A rambunctious year for the United States men's national team ended with a sigh, and then a whimper. After the USA's utterly flat performance in a 0-0 draw in Scotland on Friday, they closed out 2013 with a dreary 1-0 away loss to Austria. And if the overall record for the year remains a best-ever 16 wins, four losses and three ties, with a record 12-game winning streak recorded, the Gold Cup reclaimed and World Cup qualification achieved in fairly straightforward fashion, these were deflating performances.

It's hard to say what, exactly, the point of the U.S.'s end-of-year European tour was. In the Scots and the Austrians, the Americans had hardly booked world-beaters. Neither team has qualified for a World Cup since 1998.

They were not opponents like Italy or Bosnia or Germany, victories over whom somewhat shifted the paradigm of American soccer and the definition of reasonable expectations. Nor were they adversaries similar in style or makeup to upcoming World Cup opponents, since the draw has not yet taken place and the countries the U.S. will form a group with not yet known.

They surely weren't the best available opponents. So the choice for a pair of lesser challenges in front of half-empty stadiums can surely only have come about on account of two possible explanations. One: a desire to test some younger players on the bubble for World Cup inclusion in games in which they'd get more time on the ball. Or two: to bolster spirits with some resounding wins as the U.S. faces a four-month layoff until the next full international window, the last one before World Cup camps assemble in late May. Maybe Klinsmann hoped to do both.

In the end, neither was accomplished. We won't bore you by reciting the minutiae of the goings-on in Glasgow on Friday, but suffice it to say that very few Americans emerged from that game in better standing than they had entered it. And the 0-0 outcome unloosed no emotion of any sort.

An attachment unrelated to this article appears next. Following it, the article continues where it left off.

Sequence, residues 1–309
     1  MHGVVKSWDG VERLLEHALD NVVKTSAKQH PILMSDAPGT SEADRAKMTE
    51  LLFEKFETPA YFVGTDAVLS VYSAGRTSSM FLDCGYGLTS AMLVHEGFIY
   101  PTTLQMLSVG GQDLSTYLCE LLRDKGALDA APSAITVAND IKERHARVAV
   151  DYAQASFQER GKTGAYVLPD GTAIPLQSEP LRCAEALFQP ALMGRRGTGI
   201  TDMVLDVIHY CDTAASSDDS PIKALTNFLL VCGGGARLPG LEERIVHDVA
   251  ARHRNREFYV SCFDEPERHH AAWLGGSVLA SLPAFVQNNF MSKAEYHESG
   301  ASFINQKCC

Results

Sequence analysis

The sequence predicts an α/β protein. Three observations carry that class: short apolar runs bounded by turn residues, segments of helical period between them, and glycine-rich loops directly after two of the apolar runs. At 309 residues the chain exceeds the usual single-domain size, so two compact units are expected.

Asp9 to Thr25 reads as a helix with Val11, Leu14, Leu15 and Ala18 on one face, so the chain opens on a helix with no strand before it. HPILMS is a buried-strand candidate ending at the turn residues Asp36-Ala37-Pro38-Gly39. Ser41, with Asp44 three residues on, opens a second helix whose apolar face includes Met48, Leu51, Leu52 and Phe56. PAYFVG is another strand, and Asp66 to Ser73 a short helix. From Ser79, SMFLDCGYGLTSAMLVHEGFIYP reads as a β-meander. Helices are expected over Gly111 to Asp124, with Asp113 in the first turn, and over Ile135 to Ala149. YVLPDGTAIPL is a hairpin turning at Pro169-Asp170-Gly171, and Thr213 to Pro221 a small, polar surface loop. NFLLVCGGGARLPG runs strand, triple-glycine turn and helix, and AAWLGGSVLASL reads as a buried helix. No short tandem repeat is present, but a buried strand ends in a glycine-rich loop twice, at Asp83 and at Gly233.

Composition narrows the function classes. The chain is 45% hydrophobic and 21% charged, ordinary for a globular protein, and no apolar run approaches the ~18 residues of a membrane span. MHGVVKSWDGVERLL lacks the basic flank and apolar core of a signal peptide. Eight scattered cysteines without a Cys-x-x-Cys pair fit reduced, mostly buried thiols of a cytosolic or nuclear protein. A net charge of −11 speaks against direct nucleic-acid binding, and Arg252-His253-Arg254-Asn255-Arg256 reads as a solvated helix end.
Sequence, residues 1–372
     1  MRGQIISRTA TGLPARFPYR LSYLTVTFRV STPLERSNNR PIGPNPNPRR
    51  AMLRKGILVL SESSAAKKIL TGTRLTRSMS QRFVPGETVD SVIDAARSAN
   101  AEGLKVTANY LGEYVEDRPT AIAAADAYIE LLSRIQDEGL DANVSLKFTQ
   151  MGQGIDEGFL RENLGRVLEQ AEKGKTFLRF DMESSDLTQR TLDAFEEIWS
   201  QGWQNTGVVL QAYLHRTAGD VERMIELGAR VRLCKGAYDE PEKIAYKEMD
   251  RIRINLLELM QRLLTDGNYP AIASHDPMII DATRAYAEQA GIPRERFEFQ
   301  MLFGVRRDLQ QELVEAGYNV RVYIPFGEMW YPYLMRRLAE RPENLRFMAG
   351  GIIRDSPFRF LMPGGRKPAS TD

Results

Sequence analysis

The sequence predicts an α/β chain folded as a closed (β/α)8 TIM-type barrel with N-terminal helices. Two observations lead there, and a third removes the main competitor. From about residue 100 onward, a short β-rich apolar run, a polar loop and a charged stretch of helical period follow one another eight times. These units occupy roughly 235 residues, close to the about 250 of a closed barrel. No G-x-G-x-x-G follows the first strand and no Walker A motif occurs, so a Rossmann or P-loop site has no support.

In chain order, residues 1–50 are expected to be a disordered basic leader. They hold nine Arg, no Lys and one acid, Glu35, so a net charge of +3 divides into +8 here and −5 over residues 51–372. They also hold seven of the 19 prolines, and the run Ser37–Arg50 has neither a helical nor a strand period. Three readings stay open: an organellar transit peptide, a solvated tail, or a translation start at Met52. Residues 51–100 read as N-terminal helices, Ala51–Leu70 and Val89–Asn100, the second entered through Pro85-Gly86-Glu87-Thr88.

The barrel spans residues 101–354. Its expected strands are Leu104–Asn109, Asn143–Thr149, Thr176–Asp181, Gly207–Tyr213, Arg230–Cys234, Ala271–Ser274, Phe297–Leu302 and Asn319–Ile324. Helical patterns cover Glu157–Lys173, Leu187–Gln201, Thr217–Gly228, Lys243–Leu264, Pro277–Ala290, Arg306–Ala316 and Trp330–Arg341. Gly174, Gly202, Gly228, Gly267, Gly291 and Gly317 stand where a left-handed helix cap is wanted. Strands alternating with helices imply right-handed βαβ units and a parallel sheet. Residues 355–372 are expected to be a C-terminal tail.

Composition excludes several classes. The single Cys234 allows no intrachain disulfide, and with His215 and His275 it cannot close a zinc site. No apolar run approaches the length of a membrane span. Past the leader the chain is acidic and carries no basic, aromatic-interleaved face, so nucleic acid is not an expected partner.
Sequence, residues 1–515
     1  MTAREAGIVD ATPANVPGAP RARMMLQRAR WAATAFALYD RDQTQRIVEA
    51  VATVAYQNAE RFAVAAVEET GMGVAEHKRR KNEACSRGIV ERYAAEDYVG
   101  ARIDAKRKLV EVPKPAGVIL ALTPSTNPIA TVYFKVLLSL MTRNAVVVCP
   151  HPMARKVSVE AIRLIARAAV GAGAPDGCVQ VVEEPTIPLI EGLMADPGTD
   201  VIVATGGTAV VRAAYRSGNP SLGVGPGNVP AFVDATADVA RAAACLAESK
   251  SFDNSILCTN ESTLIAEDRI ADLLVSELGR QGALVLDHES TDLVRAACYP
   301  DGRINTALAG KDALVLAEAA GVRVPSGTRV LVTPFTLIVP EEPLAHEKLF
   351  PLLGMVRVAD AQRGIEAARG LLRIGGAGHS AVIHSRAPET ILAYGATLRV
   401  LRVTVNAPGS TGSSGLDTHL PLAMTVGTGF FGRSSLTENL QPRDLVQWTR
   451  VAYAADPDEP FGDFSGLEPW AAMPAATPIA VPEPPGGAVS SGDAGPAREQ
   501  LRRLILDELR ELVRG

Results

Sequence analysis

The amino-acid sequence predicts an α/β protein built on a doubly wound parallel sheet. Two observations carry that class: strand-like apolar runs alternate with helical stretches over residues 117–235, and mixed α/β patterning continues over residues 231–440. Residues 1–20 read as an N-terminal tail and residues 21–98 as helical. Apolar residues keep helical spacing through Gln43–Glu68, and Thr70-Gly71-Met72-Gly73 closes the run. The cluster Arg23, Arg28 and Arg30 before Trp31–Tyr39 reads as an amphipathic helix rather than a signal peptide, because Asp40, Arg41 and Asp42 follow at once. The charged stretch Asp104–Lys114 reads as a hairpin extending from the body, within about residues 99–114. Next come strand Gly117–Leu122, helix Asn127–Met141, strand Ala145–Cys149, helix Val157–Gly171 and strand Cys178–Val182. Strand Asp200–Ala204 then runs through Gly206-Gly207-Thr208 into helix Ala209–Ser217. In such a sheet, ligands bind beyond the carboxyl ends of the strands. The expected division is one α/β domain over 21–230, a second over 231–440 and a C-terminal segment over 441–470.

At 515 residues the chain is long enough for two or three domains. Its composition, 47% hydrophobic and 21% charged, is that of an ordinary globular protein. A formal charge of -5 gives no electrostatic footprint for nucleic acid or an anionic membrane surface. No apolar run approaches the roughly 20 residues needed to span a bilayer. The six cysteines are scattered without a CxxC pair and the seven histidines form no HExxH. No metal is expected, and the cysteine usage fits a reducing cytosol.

On Tuesday, a 1-0 loss to a team that has been internationally irrelevant for a decade and a half will hardly have left a pleasing taste in the American mouths. Especially since the run of play didn't entitle the U.S. to a much better result.

Austria produced several good early looks, coaxing defensive interventions from John Brooks and Michael Bradley. Only then did the U.S. wake up. Jozy Altidore carved open a little room to shoot and dragged his effort wide. Aron Johannsson sizzled a shot straight at Robert Almer from afar. And Geoff Cameron seemed to nod his header - or did it come off Marko Arnautovic's fist? - into Austria's goal, but Almer's apparent behind-the-line save prevented the tally, in the eyes of the referee at least.

But that brief barrage of chances, compressed into a period from the 14th through the 17th minute, was more or less all the Americans would muster by way of offense, save for a few more Altidore attempts in the second half. They tried, but they didn't accomplish much.

And so, picking over the carcass of a forgettable game, precious little meat remains on the bone. Among the lean scraps was a laudable performance from Geoff Cameron, deployed at the problem position of right back, ahead of the long-ostracized - and now surely written-off - Eric Lichaj. Other than that, the more notable performances came from the usual suspects, Bradley and Altidore.

Brek Shea, one of the few standouts against Scotland, was largely anonymous out on the left, failing to exert much influence on the game. Beside him, playing as the withdrawn forward, Aron Johannsson made a very tentative start to the game, before settling in somewhat. Brooks, meanwhile, was culpable on Austria's 33rd-minute winner, both whiffing on his clearance of the low cross and losing striker Marc Janko, who smacked the ball past the helpless Tim Howard.

Substitutes Sacha Kljestan, Mix Diskerud and Eddie Johnson, solid backups all, made more of an impression, and injected the American effort with some poise. But neither was able to put a first November goal on the ledger.

And so the Americans stalked off defeated, ending their best year ever, and entering a World Cup year, on a decided down note.